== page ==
SUBSTR('hello world', 2, 3);   -- 'ell'
SUBSTR('hello world', -3);      -- 'rld', i.e. RIGHT(str, 3)
SUBSTR('hello world', -5, 3);   -- 'wor' (5 back from the end, then 3)

LPAD('hello', 8);               -- '   hello'
LPAD('hello', 3);               -- 'hel'
LPAD('hello', 8, '.');          -- '...hello'
LPAD('hello', 8, '-=');      -- '-=-hello'

RPAD('hello', 3);               -- 'hel'

LTRIM('   hello   ');               -- 'hello   '
RTRIM(LTRIM('   hello   '));    -- 'hello'
TRIM('   hello   ');                -- 'hello'
TRIM(BOTH '=' FROM '===hello===');              -- 'hello'
LTRIM('   123hello99', ' 1234567890');     -- 'hello99'

TRANSLATE('hello world', 'ld', 'LD');   -- 'heLLo worLD'
TRANSLATE('12hello 34world', 'x12345', 'x');   -- 'hello world' (trick to remove chars, in this case digits, by translating them to empty spaces)

Regular Expressions

  • REGEXP_LIKE - boolean test to see if a pattern matches.
  • REGEXP_COUNT - count how many times a pattern matches
  • REGEXP_INSTR - return the char index of pattern match
  • REGEXP_SUBSTR - return the text matching the pattern
  • REGEXP_REPLACE - replace matched text with new text (only one piece of new text can be specified)

Data and Time Types

DATE stores dates and times down to the second. TIMESTAMP(n) goes down to n fractions of a second. n defaults to 6.

TIMESTAMP WITH TIME ZONE includes a specific timezone in its value. The offset is the difference between the timezone and UTC.

TIMESTAMP WITH LOCAL TIME ZONE stores data normalized to the database system’s timezone.

INTERVAL YEAR TO MONTH(year_precision) stores a period of time down to month precision, e.g. “3 years and 2 months”. It is useful for specifying differences between datetime values.

INTERVAL DAY (day_precision) TO SECOND (fractional_seconds_precision) stores a period of time in terms of days, hours, minutes and (fractional) seconds. It is useful for precise datetime differences.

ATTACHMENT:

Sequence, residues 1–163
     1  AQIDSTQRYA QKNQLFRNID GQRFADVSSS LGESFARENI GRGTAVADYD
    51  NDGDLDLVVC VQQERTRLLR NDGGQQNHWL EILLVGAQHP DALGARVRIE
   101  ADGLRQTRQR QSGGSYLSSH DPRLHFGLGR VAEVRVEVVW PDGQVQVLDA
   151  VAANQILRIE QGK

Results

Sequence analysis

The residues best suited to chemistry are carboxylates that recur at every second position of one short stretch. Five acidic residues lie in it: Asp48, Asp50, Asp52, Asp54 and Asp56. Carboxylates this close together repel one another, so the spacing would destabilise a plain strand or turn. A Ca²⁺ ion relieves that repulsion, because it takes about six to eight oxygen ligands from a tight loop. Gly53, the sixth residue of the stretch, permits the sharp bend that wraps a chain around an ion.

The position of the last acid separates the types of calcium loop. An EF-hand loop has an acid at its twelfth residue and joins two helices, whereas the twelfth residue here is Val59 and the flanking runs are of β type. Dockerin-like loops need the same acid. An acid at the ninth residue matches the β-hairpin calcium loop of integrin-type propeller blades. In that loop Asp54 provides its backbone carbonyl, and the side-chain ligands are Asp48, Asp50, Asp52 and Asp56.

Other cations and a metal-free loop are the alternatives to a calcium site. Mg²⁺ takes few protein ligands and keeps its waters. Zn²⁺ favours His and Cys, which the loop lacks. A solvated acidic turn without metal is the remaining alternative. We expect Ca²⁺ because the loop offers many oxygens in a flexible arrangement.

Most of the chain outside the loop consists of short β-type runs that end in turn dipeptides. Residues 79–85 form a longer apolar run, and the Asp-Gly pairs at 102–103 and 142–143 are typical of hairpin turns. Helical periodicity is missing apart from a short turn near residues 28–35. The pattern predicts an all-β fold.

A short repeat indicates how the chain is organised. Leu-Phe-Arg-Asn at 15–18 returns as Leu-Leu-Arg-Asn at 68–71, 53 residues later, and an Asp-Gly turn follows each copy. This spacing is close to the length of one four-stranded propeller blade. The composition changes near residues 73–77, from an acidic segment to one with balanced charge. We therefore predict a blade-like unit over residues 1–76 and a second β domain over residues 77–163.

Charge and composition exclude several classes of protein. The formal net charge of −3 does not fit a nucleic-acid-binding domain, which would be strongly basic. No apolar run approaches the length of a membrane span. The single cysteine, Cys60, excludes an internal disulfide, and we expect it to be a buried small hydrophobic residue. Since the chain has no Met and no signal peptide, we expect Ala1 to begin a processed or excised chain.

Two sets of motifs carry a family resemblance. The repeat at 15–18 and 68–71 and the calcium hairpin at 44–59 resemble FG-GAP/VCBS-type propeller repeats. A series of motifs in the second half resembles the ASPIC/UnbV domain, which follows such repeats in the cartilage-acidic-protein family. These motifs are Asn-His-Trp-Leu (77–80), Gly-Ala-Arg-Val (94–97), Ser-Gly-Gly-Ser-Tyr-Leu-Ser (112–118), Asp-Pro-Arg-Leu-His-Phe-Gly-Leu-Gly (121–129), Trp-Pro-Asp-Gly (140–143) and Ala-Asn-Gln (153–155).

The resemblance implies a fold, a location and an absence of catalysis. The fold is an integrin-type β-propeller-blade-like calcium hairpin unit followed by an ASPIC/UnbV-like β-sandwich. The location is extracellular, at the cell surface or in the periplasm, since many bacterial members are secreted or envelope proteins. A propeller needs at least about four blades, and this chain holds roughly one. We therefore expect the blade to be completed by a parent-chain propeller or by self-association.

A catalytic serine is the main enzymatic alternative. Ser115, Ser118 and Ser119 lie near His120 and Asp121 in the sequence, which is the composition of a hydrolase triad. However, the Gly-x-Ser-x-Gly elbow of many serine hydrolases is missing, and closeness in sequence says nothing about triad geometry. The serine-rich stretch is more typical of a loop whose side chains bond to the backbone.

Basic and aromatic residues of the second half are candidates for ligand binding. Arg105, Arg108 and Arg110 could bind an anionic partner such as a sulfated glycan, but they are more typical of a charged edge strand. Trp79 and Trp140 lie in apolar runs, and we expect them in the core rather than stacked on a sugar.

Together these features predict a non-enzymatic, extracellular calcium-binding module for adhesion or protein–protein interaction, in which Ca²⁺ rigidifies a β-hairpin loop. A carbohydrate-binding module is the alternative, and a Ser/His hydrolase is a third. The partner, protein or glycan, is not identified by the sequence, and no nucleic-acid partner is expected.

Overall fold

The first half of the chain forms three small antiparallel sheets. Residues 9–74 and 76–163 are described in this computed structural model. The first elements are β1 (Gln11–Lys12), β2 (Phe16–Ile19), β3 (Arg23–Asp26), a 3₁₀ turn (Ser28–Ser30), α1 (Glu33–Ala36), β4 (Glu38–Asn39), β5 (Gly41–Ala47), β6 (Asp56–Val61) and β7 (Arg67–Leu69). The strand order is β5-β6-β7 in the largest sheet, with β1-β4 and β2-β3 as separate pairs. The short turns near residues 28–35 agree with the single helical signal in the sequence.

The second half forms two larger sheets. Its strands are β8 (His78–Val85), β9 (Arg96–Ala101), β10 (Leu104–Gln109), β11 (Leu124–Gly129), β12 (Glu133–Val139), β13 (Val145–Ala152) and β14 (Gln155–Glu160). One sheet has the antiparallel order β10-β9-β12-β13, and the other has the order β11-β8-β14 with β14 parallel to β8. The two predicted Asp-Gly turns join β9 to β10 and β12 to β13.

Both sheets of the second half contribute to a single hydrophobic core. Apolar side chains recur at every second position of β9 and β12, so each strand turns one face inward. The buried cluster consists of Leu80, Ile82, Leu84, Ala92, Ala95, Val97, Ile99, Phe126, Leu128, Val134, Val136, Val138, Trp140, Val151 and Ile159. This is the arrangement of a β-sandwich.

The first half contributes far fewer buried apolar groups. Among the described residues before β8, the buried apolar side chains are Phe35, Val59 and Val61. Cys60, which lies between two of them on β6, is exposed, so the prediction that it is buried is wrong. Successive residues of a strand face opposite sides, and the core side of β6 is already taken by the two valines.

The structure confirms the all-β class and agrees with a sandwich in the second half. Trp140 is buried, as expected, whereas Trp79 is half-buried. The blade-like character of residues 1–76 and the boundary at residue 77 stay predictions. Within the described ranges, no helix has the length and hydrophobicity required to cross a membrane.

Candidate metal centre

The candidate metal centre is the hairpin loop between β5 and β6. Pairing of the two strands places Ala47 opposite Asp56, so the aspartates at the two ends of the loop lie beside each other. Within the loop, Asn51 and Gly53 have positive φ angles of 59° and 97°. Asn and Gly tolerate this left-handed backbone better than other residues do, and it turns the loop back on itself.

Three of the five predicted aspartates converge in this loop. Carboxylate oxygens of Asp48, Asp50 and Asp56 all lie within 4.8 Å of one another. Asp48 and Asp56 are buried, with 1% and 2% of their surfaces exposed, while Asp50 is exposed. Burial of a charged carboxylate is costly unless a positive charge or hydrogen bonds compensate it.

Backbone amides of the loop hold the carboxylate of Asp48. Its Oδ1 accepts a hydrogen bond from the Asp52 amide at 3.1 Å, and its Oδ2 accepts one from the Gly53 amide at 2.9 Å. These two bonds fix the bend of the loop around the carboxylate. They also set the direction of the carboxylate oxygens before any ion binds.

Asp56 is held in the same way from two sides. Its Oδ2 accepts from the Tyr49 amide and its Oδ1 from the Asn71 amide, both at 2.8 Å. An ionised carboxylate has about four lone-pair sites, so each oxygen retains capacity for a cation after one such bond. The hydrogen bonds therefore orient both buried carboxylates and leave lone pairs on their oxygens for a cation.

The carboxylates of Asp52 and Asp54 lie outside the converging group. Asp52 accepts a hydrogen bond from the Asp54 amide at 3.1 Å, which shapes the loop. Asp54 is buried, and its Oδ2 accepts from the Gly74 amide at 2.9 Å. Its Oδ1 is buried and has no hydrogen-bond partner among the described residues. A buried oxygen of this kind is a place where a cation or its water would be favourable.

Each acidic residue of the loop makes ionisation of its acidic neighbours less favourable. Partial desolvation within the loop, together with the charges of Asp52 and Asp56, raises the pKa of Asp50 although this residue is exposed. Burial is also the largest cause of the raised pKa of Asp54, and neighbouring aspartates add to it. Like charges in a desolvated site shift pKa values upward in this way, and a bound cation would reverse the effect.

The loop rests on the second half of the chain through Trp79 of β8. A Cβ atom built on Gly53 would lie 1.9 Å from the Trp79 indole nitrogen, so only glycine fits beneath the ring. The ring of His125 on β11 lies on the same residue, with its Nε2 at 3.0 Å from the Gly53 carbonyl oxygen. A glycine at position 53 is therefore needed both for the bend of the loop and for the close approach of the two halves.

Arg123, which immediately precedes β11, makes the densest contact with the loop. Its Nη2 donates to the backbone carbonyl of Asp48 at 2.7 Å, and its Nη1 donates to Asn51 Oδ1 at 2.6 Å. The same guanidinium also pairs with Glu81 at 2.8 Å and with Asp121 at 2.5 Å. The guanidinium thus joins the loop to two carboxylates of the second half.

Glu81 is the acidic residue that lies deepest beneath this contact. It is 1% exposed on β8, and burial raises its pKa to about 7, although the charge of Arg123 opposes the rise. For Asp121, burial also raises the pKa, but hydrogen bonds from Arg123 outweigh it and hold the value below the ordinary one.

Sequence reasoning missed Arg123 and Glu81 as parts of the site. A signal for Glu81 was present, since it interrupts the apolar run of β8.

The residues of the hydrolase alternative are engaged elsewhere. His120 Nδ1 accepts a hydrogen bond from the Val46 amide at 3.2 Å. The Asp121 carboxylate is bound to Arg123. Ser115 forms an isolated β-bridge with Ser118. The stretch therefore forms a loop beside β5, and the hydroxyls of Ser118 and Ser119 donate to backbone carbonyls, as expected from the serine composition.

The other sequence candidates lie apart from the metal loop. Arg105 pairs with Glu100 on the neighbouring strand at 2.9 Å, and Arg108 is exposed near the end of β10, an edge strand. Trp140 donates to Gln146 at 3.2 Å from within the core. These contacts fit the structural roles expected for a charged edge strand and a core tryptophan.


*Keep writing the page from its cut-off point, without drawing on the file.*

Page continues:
Data and Time Conversions and Formatting

It’s always best to use the TO_DATE, TO_TIMESTAMP, TO_TIMESTAMP_TZ, TO_UTC_TIMESTAMP_TZ functions to do conversions from strings.

Formatting for all these date-time types is handled by TO_CHAR.

The Format Models page describes the components within these format strings.

SELECT TO_DATE('2022-03-07', 'YYYY-MM-DD') FROM DUAL;

SELECT TO_DATE('07-SEP-2022', 'DD-MON-YYYY') FROM DUAL;

SELECT TO_TIMESTAMP ('10-Sep-02 14:10:10.123000', 'DD-Mon-RR HH24:MI:SS.FF') FROM DUAL;

To roundtrip dates and timestamps USE xxxx.

Date and Timestamp Literals

You can declare DATE and TIMESTAMPs using literal syntax. The formats are fixed by the ISO standard (i.e. they don’t care about NLS settings) so these are safe to use:

v1 := DATE 'YYYY-MM-DD'
v2 := TIMESTAMP 'YYYY-MM-DD HH:MI:SS[.FFFFFFFFFF] [{+|-}HH:MI]

Current Date and Time

SYSDATE and SYSTIMESTAMP return the current date and timestamp ON THE SERVER. CURRENT_DATE, CURRENT_TIMESTAMP and LOCAL_TIMESTAMP return the current date and timestamp FOR YOUR SESSION.

To see your settings, query DBTIMEZONE and SESSION_TIMEZONE.

Interval Types

Some definitions:

  • An Instant is a point in time. Represented by the DATE and TIMESTAMP types.
  • An Interval is an amount of time, such as “8 days”. There are two types to represent these, INTERVAL YEAR TO MONTH and INTERVAL DAY TO SECOND.
  • A Period is an interval that begins at a specific time - hence combining the above two definitions. There is no built-in Oracle support for these types.

An interval is declared as one of these two types:

var1 INTERVAL YEAR [(year_precision)] TO MONTH;
var2 INTERVAL DAY [(day_precision)] TO SECOND [(frac_sec_precision)];

See the links above for the precision limits.

You can convert numbers to the interval types using NUMTOYMINTERVAL and NUMTODSINTERVAL. To convert strings to intervals use TO_YMINTERVAL and TO_DSINTERVAL. You can also write interval literals using the same character formats, for example

v1 := INTERVAL '10-3' YEAR TO MONTH;
v2 := INTERVAL '4' YEAR;
v3 := INTERVAL '3 12:13:14.45' DAY TO SECOND;
V4 := INTERVAL '1:03' HOUR TO MINUTE;

Extracting Date Components

Use EXTRACT. You can extract YEAR, MONTH, DAY, HOUR, MINUTE, SECOND and timezone bits.

IF EXTRACT(MONTH FROM SYSDATE) = 1 THEN...